The Algona Upper Des Moines from Algona, Iowa on October 6, 1942 · Page 7
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The Algona Upper Des Moines from Algona, Iowa · Page 7

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Algona, Iowa
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Tuesday, October 6, 1942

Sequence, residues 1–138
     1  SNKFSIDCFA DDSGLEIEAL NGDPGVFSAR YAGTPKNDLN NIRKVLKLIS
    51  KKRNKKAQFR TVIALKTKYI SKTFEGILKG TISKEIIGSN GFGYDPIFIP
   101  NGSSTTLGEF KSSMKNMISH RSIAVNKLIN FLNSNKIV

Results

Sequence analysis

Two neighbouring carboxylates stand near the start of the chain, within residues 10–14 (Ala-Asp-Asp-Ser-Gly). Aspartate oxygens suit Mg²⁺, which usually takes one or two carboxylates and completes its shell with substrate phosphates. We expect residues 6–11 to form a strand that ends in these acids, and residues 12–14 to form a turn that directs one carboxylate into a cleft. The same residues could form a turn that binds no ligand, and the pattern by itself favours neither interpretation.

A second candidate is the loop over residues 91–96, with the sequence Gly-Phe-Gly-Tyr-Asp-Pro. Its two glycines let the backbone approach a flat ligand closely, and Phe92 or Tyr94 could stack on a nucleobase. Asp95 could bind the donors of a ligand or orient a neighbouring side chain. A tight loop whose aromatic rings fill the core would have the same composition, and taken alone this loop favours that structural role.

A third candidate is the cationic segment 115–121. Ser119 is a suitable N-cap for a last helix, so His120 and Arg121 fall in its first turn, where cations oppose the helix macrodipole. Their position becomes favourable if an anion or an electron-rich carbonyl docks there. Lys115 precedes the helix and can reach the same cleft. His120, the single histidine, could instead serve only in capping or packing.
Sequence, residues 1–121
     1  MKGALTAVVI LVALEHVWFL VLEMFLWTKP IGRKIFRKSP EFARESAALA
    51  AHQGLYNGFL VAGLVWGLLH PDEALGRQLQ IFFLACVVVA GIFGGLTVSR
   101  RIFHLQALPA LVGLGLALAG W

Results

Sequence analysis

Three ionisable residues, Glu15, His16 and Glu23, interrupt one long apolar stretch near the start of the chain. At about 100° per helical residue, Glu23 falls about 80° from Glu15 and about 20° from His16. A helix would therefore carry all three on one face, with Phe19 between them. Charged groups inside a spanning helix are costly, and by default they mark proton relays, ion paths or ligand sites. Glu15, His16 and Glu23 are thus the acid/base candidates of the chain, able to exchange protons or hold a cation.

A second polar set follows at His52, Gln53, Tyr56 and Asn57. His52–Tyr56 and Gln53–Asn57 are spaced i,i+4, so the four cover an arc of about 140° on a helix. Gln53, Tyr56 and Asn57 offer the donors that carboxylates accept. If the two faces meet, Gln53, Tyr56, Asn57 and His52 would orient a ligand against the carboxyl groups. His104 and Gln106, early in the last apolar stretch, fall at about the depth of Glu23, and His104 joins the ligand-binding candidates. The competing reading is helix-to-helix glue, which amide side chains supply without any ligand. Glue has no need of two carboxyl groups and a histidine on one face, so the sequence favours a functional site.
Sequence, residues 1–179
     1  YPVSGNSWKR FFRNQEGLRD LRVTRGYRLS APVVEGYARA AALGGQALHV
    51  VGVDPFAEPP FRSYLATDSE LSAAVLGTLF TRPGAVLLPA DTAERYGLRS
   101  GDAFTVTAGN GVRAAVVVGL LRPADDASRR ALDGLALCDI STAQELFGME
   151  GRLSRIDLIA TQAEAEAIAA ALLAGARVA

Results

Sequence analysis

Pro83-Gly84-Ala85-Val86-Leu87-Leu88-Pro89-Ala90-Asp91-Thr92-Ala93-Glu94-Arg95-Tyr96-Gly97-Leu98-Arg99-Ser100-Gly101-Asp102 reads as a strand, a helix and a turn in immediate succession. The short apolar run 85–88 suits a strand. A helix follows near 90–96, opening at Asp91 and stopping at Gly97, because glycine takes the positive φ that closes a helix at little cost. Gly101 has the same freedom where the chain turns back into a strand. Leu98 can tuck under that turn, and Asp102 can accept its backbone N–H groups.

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*»••- it **, file Alf6fia tTppCT t^s Moines, Algona, Iowa, Oct. 3, . in advance .. ..... . ..... ...... ...... ,.-..~-;-- DBS Mem** afid kertuth County o# an,lnd<*tHal bfod, o* «nyy»thdr Wind of blocj except an American bloc." Declaring thaVthe Japs and Nazis "hate us", Somervell urged that "we start throwing some of that nate back in theif faces." • Yoii can't feffl a man you don't.hate or fear," he said, continuing: "We're all in the same boat, the rich 4nd poor r the city man and farmer, the Republican aftd the DeJn* bcrat, black men and white men, PMMant aM Catholics and Jews,,management and labs*. It* a g66d stout boat, ft has weathered Many a wild storm. But it's riot going to weather this bhe un« less we're all gflod sailors." • . , "Any manager who uses the war effort to tike advantage of labor is guilty of sabotage,'* lie said, "and any wdfker who lays down his tools to strike, fbf even an hour, ts no better than a saboteur. Letts be realistic.. Let's deal with saboteurs as they muflt be dealt With, whether they land on our shores in rubber boats or are home-grown. They both want to stop 6r slow down otit production. "Let's Stop Ml argument about who will •' be top ri&n flfter this war. If we keep on fighting among otirselves the top man in going to be MVIHGS A LlHl« ef Thii - A Llttl* of That " Not Mt*h of Ahyihlng Two of Aigonfc's Most valiant duclt hunters, Df. John Keneflck Sntt D. Shumway, afe prepar- , . HAffiBS dtflSIDlB act if in nu vcMtut) »»«>•"•««••« *••••«»• „„. Des Moiries and Kosstith Vance In combination, pet year By the ihonfih ...*...: *...; ADVERTISING RATES Display Advertising, pflr llich Want \ds, payable"In advance. Word ... 880 "For we have learned that liberty, freedom and democracy are not inherited. We know that a cbuntry cannot fight to win them once and stop. We learned the hard way that liberty and freedom arid democracy are prizes awarded only to those people who fight to win them and then fight eternally to hold them." - • -^Sergeant Alvin'Sork, 1918^ EDITORIAL COMMENT , By 9. W. Haggard Cordingley Wins Distinction Old friends of "BH1" Cordingley, for many years circulation manager of the Des Moines Register and Tribune, were pleased to note the distinction he has won in the newspaper field when he was elected honorary life member of the Central States Ci.rcula.tion Managers association at its con ? vention in Chicago last Tuesday. The association covers daily newspapers in nine midwest states, Michigan, Indiana* Kentucky, Ulniois, -Wisconsin, Minnesota, Iowa, and the two Dakotas. The -nomination was made by J. E. Rison, of the Lou s- ville, Kentucky, Courier-Journal and Times, who said:> "This honor is justly due Mr. Cordingley for bis many years of riotaDle service, for his outstanding contributions to the science of newspaper circulation and betterment of practices in our field of endeavor throughout the country as a result of his leadership." ' ' " „ "Bill" Cordingley, who is a 'brother of Mrs. b. W. Dlngley of Algona, was for some years a popular Algona young man and we can still hear him yelling for the old Algona Brownies, a famous colored Algona baseball team who were carrying Algona's name to fame about 1902. "Billy" was also a great golf enthusiast, and was at one, time ;s Moines city champion, we think. He went Des Moines shortly ratter Gardner Cowles and '•Let's forget about business as usual, pleasure as lisual, tires as usual, and. poll tics as usual. It's going to be the same war after election It is today. The danger is going to *e just as great, the future just as dark. Hitler and the Japs don't care who wins American elections just so w6 take our minds £ff the war long enough to fight with one another. "The American soldier mixing with a Jap In a dogfight over Australia doesn't relish the idea of ' putting off any decision until after election. No soldier or sailor does, and as for me the lives of our sons, the life of any young American out there fighting for us Is more important and more valuable than any office in any state of the union." Downfall of Dreiser Theodore Dreiser, famous American novelist and writer, apparently has teen over-rated. He was invited to speak the other day before a Toronto Canada, club and took the occasion to insult the English and Canadian people, shortly after arriving in Toronto and .before his speech was to toe delivered. He told reporters that "I would ' rather see Germans in England than the damned snobs we have there now," He further said that "should Russia go down to defeat he hoped that the Germans would invade England." He spoke of "the gall and brass of the English" and claimed they had done nothing in this war thus far "except borrow money, planes and men from the United States." He called them "lousy" and a few other names. Of course the Canadian authorities were vastly insulted as they should have been. The speech was cancelled and Dreiser sent home. Thus another famous man. who has for years been hignly rated by the American public falls off his pedestal and shows a great lack of even common politeness and decency. Dreiser is said to be of German parentage but has not heretofore been accused of being un-American. He is said to be 71 years of age and has had a long and honorable career as an ' author. . ing to g6 after the quacker as soon as the season opens. Doc told me confidentially that he and Shuin Were practicing up on duck calling, that they had a phonograph record whldh set out the real, honest to goodness quack of the Mallard ftttd thitf they haVe their regular rehearsals li'ke the municipal band and that they are becoming proficient as all get out calling ducks and when I asked Shum he_also told me confidentially that Tuesday night he and Ddc were in the latter'fl basement and they were doLhg their rehearsing and five Mallards flew in the Window and they had a heck of a time getting 'em put because on account of the season ain't open yet but It jusj goes to show what practicing wil do and I'm betting $?<X> that the two boys Will bring in their limit of ducks when the, season opens they've got duck calling down to i science and the Mallard can't resls their quacking. And that same morning I saw Rev C. C. Richardson buy a governmen 'luck stamp at the post office am he's evidently no slouch at baggin; the quackers but he didn't even olalm he could call a half dozen Mallards with a duck call, but he s a minister and therefore never could have the stretch of Imagination a lawyer might have. Now that winter Is upon us the Ancient Order of Amalgamated Coffee Gulpers is coming out from summer hibernation and coke consumption and the coffee is being gulped as per usual -during winter months. Nine of the city's proml- while we Gulpers gulp gulplly, but not noisily. —o— Artd A. R. Wiltrett pf Fenton was n the office Thursday and Paul Slgler was in the office Wednesday and both gave me a rain check to gulp a cup of coffee next time Ini n Fenton and Clarence Theesfleld said he hope'd I'd stick with my coffee without foam on it and whxm I will and that Dane blacksmith Elner Fauerby, offered to gather up a bunch of Danes up there an< have a party for me and theyc serve ebelskyvver and which I like and which Mrs. Chas. Glaus knows how.W*make swell and Mrs. Bob Kyhl said she'd let Bob sing his Dane song and it looks like I'd have a swell time at the party. —o— Talking about scrap—why don' somebody pick up the thousands o no parking signs, one like in fron Of the post office, and I don't know who It belongs to but it weighs . lot of .pounds more'n a sack o flour and I'll take the bumpers off my 'bus and donate 'em where a lo of those signs are donated. —o— On October first I cut my speed down to 36 per from 40 per as has been suggested by the government and the first de(y driving from Whittemore here and back I was passed by 16 passenger cars, four )ickups, two semi-trailers and one of those big gasoline trucks. I took the number of each one' and I intend to take the number of every motor vehicle which passes me from now on at 35 per. It'll be fun some time to check up on those drivers, so to speak. Fourteen of the cars were 55's, two were Illinois, the pickups were 55's and the big trucks were 7Ts. Whcih indicates that our Kossuth folks are Cream the shortening, add th<? sugar and cream well. Add the egg and mix well; add the sifted Aty ngtedients alternately with the milk to make a smooth batter; add the chocolate, melted. MIX well, and fold !« the fruits and nuts. 'our into a greased bread pan of baking dish, sprinkle with nuts ahd" bake In a pre-heated oVeh. L« cool and sut In thick slices. The deal accompaniment to this Is cream cheese. Reader Comment Opinions of Other Editors Union/Labor Botton Grove Eagle: It made me a,little ill Ul ~~, to tune in on a broadcast of a labor un- .v,.. leader declaring that union labor and the soldiers at the front are marching side by side and suffering equally to guard the grand old flag. What rot! Organized labor earning from $50 to *250 a .<-•-,.. .!.*•'_ AI_ _ — —.1 lat._« •».*«?• ff\*t ft 0s\1/4tA*«'a *it» V Harvey togham took charge "of the Register and week wh ile the soldiers work for a soldiers pay: for 38 years has had charge of the circulation-of the two papers. He is rated very high as a circulation man. During the 38 years the circulation of the papers has been increased from about 10,000 to 311,746 daily and 377,243 Sunday. It is one of the most notable records in the United States, Farm Prices Highest Since 1920 Farm prices have been the highest' this sum- SMr they have been during the past twenty-two -years it is said. A survey made as of July 15th by : ledne M. Carl, director of the Iowa Co-Operatlve '.crop and livestock reporting service shows these ^figures: The index for all products stood at 172 per .cent of the base (1909-14) ^° d ' ^^f'^,? n £*be'lng ^ied"™Ta program of poppycock. The -.points above June 15 and a point above the previ «H^ program at Des Moines is going to equal «ous :hlgh for this year, which was in April. ^ ^^ « & Qf . wflr bonds for 1942 from . 30 Higher-prices for meat animals and pouit.y Countle8 uhe warren. That is taking a hunk out and eggs were'responsible for the increase, since Qf war ananceSi vast as they are. It could go a prices of all grain, except corn, were lower, and . good waya at something effective. la'bpr has overtime and time and one-half and double time, while the boys at the front are lying in ditches or fox holes twenty-four hour a ,day and seven days a week without overtime, time and one- half or double time. Lalbor striking for higher pay while the soldiers and sailors are fighting and dying for their flag and for the preservation of the ntaion. Union lalbor with all its privileges, rights and favors tha,t ., the ppldiers and sailors are fighting for and dying for on the seven seas and on eleven fronts, in the heat of the jungles and the blight of the northern lands! Side by side, suffering equally! What rot! Expensive Poppycock Iitdianola Record: The government and the newspapers have been putting a lot of ballyhoo back of the WAAC's but they have not convinced the people who are buying bonds that their money is nent gulpers had session in James Thursday morning, a row of the city's besft discussing everything from girdles sans rubber to the world series and all of them were practicing the stance for proper gulping and the vote was unanimous to issue membership cards to last year's members free for nothing and the ayes were Roy Ingham, Dr. Schaap, Fred Shilts, Bill Curtis, Dr. Wallace, Theo. Hutchison, Jack Long, - Glenn Johnson, Herman Moore and me and Theo. Hutchison wanted to borrow Joe Bloom's easy chair while he gulped and Joe said O. K. for lOc per hour he'd lend it and Herman Moore suggested something should be done about the rival Slirper organization. And that will be.taken care of anon. Almost simultaneously the Algona Society of Slubrious Slirpers had a session in Smith's and Bud Zender, president, appointed a membership commmittee of Bil Hawcott, Carroll Johnson and Chas LaBarre to sign up new Slirpers and the.-committee put away their saucers "and went out arid signet up right away Dick Sorehsen, Chuck Nicoulin, Bill Giossi, Ed DeLano and Gordy Ogg and "Tlnk" Wright is going to sign up but he admit? there isn't such a heck of a lot to slirping and 'Bill Hawcott says he can do two slirps to my one gulf! and that's an accomplishment and then there was a lot of. noise issuing from Dermand's and the-oops hurried to investigate and it was Chief Art Moulds and Art Cogley and Marc Moore and they were competing to see who could slirp the most noisily and Alex couldn't very weH kick the law out but that's one thing about the Slirpers they advertise, noisily, their slirping, not all slowing up to 35 per. I'm looking for a house or an apartment in which to move lit the frigidaire and kitchen cabinet for the winter, what've you got. Don't want to rent a hotel, nor rent, a mansion, just about four or five rooms, modern. Don't want to rent a farm house nor do I want to live in the suburbs, I want a place where I can^get to work without driving the bus or having to walk my 'dogs to the bone. If an apartment I'm not so keen about it being too darned modern—want a bath, yes, but if the water isn't hot- that'll Suit me, too, because on account of with hot and soft water the Mrs. would probably Insist on,rd have to take a bath every Saturday night and that ain't so good, in fact I ain't that dirty. But I want a place to live now that winter's coming on. And I ain't got money to burn —don't want to pay half my wages in rent. What've you got, if anything? And I had my hair cut again and it was at Hank's Barber Shop this time and Hank pulled my ears out so to-speak, and said he'd givi me a hair wash free for nothing V he could have my dandruff because on account of they were talking o" salvaging dandruff and I had a IT of it but I kept my dandruff ans he washed my face and when I came out on the street Bill Runge didn't know me and said I looked almost human and Bob Perry ha< a hair cut the same time and he ha( his whiskers cut, too, and Hank said Bob had the smoothest skin, the ki.nd you love to touch and whicl I ain't got. I still claim there are a swell bunch of barbers in town— I've tried 'em all and they Improve my looks and don't charge anything extra for that. Algona, Iowa, Sept. 30, 1942. Register Open Forum: All of us, good American citizens, should know that we are in war today. All of us have sons and daughters all over the world fighting for freedom. Let's do all we can to help those young men who are sacrificing even life for freedom. 'Let's pick all of the scrap frort and scrap rubber we can find more tanks, boats, planes, shells and guns may be made to Help those boys fight the Axis. And women mothers aird sisters, can help tob by salvaging greases and fats. One spoonful of grease will kill thre Japs. Let all of us put our should ers to the wheel and make shor work of the beasts who would tak freedom from us. We have 135,000, 000 people In this country and i veryone helps a little we'll hasten ur victory. Let's go, fellow Am- ricans. We did It before in 1918 nd we'll do it again in 1943. NICK MAHARAS Algona, Iowa. Old Man of 65 .etting $1.35 per Hr. Portland Ore., Sept. 27, 1942.— Dear Editor: Your Copy of Sept. 15 loted and. in your Editorial "Infla- lon must be stopped" I notice the olowing statement: "Workers in many of our War Plants are receiving Fantast'.c iVages and it is time to put a stop o the whole matter." This is a ample of swivel Chair Syncpants, ivho don't know we are at war mows of what he spews in Editor- als. I have been in the Oregon for threi Mdhtha and 1 Have the honor of .being *n* of ft housand Workers who Broke the World's Iteeord of Building 6. Victory ShJp in 10 days. 1 receive the (Fantastic price) of $1.35 an hour for the time t put ire on this ship. I am almost 65 years of age, but I Challenge any one on this American Continent of any editorial staff to follow me one 8 hour shift and I wMl guarantee the World he or she would not be fit for the Rendering Works! do 1 make myself clear My Dear Editor Writer when you write Editorials use Information of Facts not swivel Chair drivel! Very Truly JOHN C. NORDSTROM 840 N. E. 29 Portland, Oregon. Schoby Holstein Cow Completes Big Record C. R. Schoby & Son, of Bode, own a registered Holstein cow Which has just completed a record of 535 pounds of butterfat and 14,68* pounds of milk. This is nearly 3 times the productfon of the average dairy cow in the country, says The official Ha Watsow aftd she Was */ when she began he* jwwftr was milked thfeu fifths &ch' Toting %as dene unda? the M vision df tHe Itfwft Sfatfc Co of Agriculture and Meeh«ftW and The HoisteitvFfleilah 1 tion of A«i6fiea. Misses Mar jbfte Walsh ahd Ifst* 1 Ann Flats, students at MfiiSto J31», , spent the week eifd at theft respective Homes. H.W.POSTI Dray and Transfer Storage of all kinds Long distance hauling 1 . Every load insured against loss or damage. Equipped to do all kinds of drttylng ahd hauling. , v uroduce was little changed. Hogs at $13.90 1S5S level, which was the highest since September, 1020 Beef cattle at $12 Willing Horses Full Load (Humboldt .Republican: We still think it would nrice since Septemoer, J.i«u. •£>«=« ucn.v... — •,— (HumDoiat iKepuoncan: we aim uuim n wvuiu reached a level not exceeded since August, 1919. na ,, e n, em .better to assess every man his share in nrices rose a cent from June 16, but other the war e ff 0rt and make him pay it. An awful lot yii\,*ia ,. . «* *U« riAiir AfAn «* lti»1111nrv t*s\*aaa" whn fl rA rinttlfT ithfilr Wt ftlld grains were lower as the pressure of the new crop Wa8 lieanwhHe prices paid by Iowa farmers for commodities used in Hving.held at 159 per cent of "base (1910-14) period, making the ratio of prices received to prices paid 108 per cent, compared to 107 per cent June 15 and recent high of 110 per cent on May IS, i Feeding margins for hogs, buttrefat and egg producers widened slightly. On June 16 the price of "willing horses" who are doing their bit and more, are being importuned for greater efforts. Something like the preacher who, insists on tell-, ing his paid-up congregation about those (who are not present) that are behind in their pledges; or the editor who prints long articles about delinquent subscribers and that are read only by those who are paid in advance. Why keep pounding the people at large when only a few are delinquent? Also it has been stated in eastern dispatches that New Y6>K state is further 'behind in war bond buy- AUNT LUCY'S Helpful Hints MEAL PLANNING - COOKING - SEWING III hundredweight of nogs' would buy 18.3 bushels ing than any western or middle-western state. And o!TcwSwhUe a p^dTf butterfat and a dozen "ill the folk., back east keep yelling that we of .eggs would buy 27.3 pounds and 13.8 pounds, respectively, of dairy and poultry rations. Scores Political Blocs Lieut. Gen, Somervell, commandng general of the services of supply of the U, S, Army, last week, to a speech In 8t, touts, jipoke so forcibly and sen* sibly on the bickerings of the deferent blocs In congress and the country generally that he attracted TJtfde' attention and, general commendation. After the flght of th,e farm bloc (not the farmers) and the labor Woo, to improve'their positions and In doing so ratee the cost of living 1 , thereby causing inflation, Qen, SomerveWB words struck the nail on the bead, Be said, "there fc w room In An»wio a for any kind of blocs, - Our number one job rJgfet»now In to kill Nasta and Japs. Our armed force? are out <» front," »»e said ", . , feut our sol* dlera cant 'do the whole job of saving democracy '4lone, Qur Mitett »»4 *!«»*» «WJ,'fc They need your help, your ajHut help, and they need It every Of the dsy, Tftey need it W»w, ?«oro for » f Him Woo, or » W*>r still the folks back east keep yelling that we of the middJe-west are not war conscious. * * • Drafting 18-19 Year Old Boys Sao Sun: The 'Sun has said It before and repeats It now, that we are opposed to drafting of J8 and 19 year old boys for military service. What If they do make the best fighters and are wiling to risk their lives, they should jw't be compelled, to do it unless they want to volunteer, Boys of this age are not allowed to vote, they have nothing to say about wljo snail have governmental authority in their hands and they are not considered mature enough to hold public office. , It 'such is the case, then certainly they should not be forced to bear arms until they attain that age which permits them to do these things, Young men of his age are usually willing to go into service because they are anxious to do their duty and to bear their share ojt the country's burden. 'But it/Isn't fair to expect them to have )» sacrifice {their future lives just because someone who doesrft have to fight has decided that they should. If they have np voice in the planning of the- world, they shouldn't be expected to fight for it. It fte, old men who vote In favor of war would have to do -the pgfhttogr, there would be fewer, wars, we m§y lie sure Qf that, Gillette or Wallace Woe be unto any member of your family, in these days, who carelessly says, "What's for dessert, Mom?" We all know the perfect answer to that question;—one which stops all comment—all you need to say is, "There is a war on, and we're having no dessert!" This is casting no aspersion on the member who asks the question, because it is the mother and homemaker who struggles with sugar rationing, food shortages and the like, and it is she alone, who knows that there is a problem to be met which requires all the patriotic inguenity she can muster to keep the family well fed, nourished and satisfied. At the same time she must keep within the limitations placed upon her by Uncle Sam. After the war, when the medals are being handed out, and the "Waves and Waacs" have had their day, no one will probably even remember the struggle that has gone on at the home front—there will 'be no citation for th* women; who, without pomp and ceremony, without stars, stripes or publicity, have gone through what Sherman once so aptly expressed, was War. (But, about this question of des* sorts—why not serve a hot bread, muffins, biscuits, or some spicy, delectable "something or other" fresh out of the oven, which, served with jam or jeJly, will answer the dessert, problem and at the same time plepe the family W much that you will forget. th.< restrictions you've been laboring •under'. 'Here they are-*fe0t breads to serve instead of desert! the- vice president; wi}}., snlng at all. wij| depend e» 'date fcr. | Wallace for it ts whole, d __, to Uw *»« thereby the greatest t cup sifted 4 <!UP yellow corn meal 2. tablespoons sugar 2 tablespoon? shortening iwefltnajeneggs . - bjng gfy ingredient* smMfWakirtirj - ovw, - ,. - "5?'" • ~ i*m*.' minute* Servef & " H))J|Hq)| ;.• ( &'»•••;- i «# : z jg*l •**&£ wUr - v. EVER' DRINK We can refinance that 'costly home mortgage .YOU WILL SAVE money and have debt-free home ownership. AT AN Authorized Bottler: Pepsi Cola Bottling Co. of fort Dodge Algona Federal Savings & Loan Phone 65 Farms For Sale 160 Acre improved farm on gravel road, 5 miles north Bode in Kossuth county. Excellent community. Buildings repaired and painted. All tillable land. Q-ood producer. A splendid farm. 160 acre improved farm 2 mi. E. and 2 mi. N. Lu- Verne on gravel road. Good community. Buildings repaired and painted. Drilled well, All tillable land. 320 acre improved farm 5 mi. E. Bancroft. Excellent community. Buildings: repaired and painted. Drilled well. All tillable land. Good producer. Low taxes. See your brokers. ' ^ L. W. Rouze SALES The Equitable life Assurance Society c* 'the United States Algona. lows' 39-40 Bread flour Press the squash through a sievi Add the sugar, salt and fat to the milk. When the mixture Is lukewarm, stir in the yeast cake that has 'been softened in lukewarm water. Add the squash and enough bread flour to make a soft dough, Let the dough rise; toss onto a lightly floured board • and knead. , Fill well-buttered deep muffin tins about half full. Allow to rise, then bake. Raisin Pecan Muffins •2 cups flour 3 teaspoons baking powder % teaspoon salt % cup sugar a egg 1 cup milk 3 tablespoons melted shortening H CUP seedless raisins Vi cup pecan meats, chopped Sift together the flour, baking powder, salt and sugar. Beat the egg and add to the milk. Stir the liquid Into the dry ingredients just enough tp blend; stir In the shortening; add the raisins and nuts, Place the mixture in well-greased muffin .tins and bake. Orange Te» Doughnuts 9 cups flour 2 teaspoons baking. powder H teasppon salt Itt tablespoons shortening What Is You GUESS a teaspoon grated orange rind % cup orange ^ujce Confectioners sugar m& tegeftw the flo«r t ow4er' awl w«; TW8 ed boajrd; WckneJw. put swtt M sprinkle with !»§«£« * «Wr theory wlft- th« onfc a Jlghf to onerfcwrtJ Oftl wlto 9 small do«gU fry >» &te *§*• U B«* confectioners' Five Awtirds Get entry at any of places listed below, each week. Fill in your guessed. Mail to Upper Des Moines or turn in at place you got card. Entries must be in Upper Des Moines 'office toy 11 a. m. each Saturday. in cases of ti;es, duplicate awards will be given. - First prize, credit award of $3; second prize, credit award of $2; third prize, year's subscription; fourth prize, nine months' subscription; fifth, six months' subscription. > THIS WEEK'S GAMES-nENTEY GAUDS AT FIRMS BELOW Iowa Cadets at Michigan Purdue at Northwestern Barker's Drag ALGONA Smoke Shop AWK>NA Grant p-t Iowa 1 Barry's Recreation ladiana at sW(fWB8CTF-l9w 9>- *^*f. il«? ZENDER'S „ fer ,..